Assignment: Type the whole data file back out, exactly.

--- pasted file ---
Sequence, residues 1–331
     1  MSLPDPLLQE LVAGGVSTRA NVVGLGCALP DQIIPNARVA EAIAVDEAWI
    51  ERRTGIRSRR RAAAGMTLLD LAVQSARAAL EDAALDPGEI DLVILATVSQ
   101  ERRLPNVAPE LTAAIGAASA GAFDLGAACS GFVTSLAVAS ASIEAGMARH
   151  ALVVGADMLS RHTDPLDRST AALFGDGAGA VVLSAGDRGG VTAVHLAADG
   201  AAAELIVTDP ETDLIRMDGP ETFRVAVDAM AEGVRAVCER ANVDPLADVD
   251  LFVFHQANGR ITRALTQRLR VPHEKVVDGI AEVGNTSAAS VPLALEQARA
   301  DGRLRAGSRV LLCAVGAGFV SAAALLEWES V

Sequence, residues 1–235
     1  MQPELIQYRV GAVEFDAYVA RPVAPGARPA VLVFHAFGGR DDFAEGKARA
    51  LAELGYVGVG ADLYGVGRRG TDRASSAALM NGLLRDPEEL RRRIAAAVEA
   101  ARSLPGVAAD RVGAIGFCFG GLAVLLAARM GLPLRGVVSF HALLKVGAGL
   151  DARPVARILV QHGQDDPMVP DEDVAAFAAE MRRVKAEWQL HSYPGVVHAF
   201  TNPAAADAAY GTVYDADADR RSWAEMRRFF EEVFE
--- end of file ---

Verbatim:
Sequence, residues 1–331
     1  MSLPDPLLQE LVAGGVSTRA NVVGLGCALP DQIIPNARVA EAIAVDEAWI
    51  ERRTGIRSRR RAAAGMTLLD LAVQSARAAL EDAALDPGEI DLVILATVSQ
   101  ERRLPNVAPE LTAAIGAASA GAFDLGAACS GFVTSLAVAS ASIEAGMARH
   151  ALVVGADMLS RHTDPLDRST AALFGDGAGA VVLSAGDRGG VTAVHLAADG
   201  AAAELIVTDP ETDLIRMDGP ETFRVAVDAM AEGVRAVCER ANVDPLADVD
   251  LFVFHQANGR ITRALTQRLR VPHEKVVDGI AEVGNTSAAS VPLALEQARA
   301  DGRLRAGSRV LLCAVGAGFV SAAALLEWES V

Sequence, residues 1–235
     1  MQPELIQYRV GAVEFDAYVA RPVAPGARPA VLVFHAFGGR DDFAEGKARA
    51  LAELGYVGVG ADLYGVGRRG TDRASSAALM NGLLRDPEEL RRRIAAAVEA
   101  ARSLPGVAAD RVGAIGFCFG GLAVLLAARM GLPLRGVVSF HALLKVGAGL
   151  DARPVARILV QHGQDDPMVP DEDVAAFAAE MRRVKAEWQL HSYPGVVHAF
   201  TNPAAADAAY GTVYDADADR RSWAEMRRFF EEVFE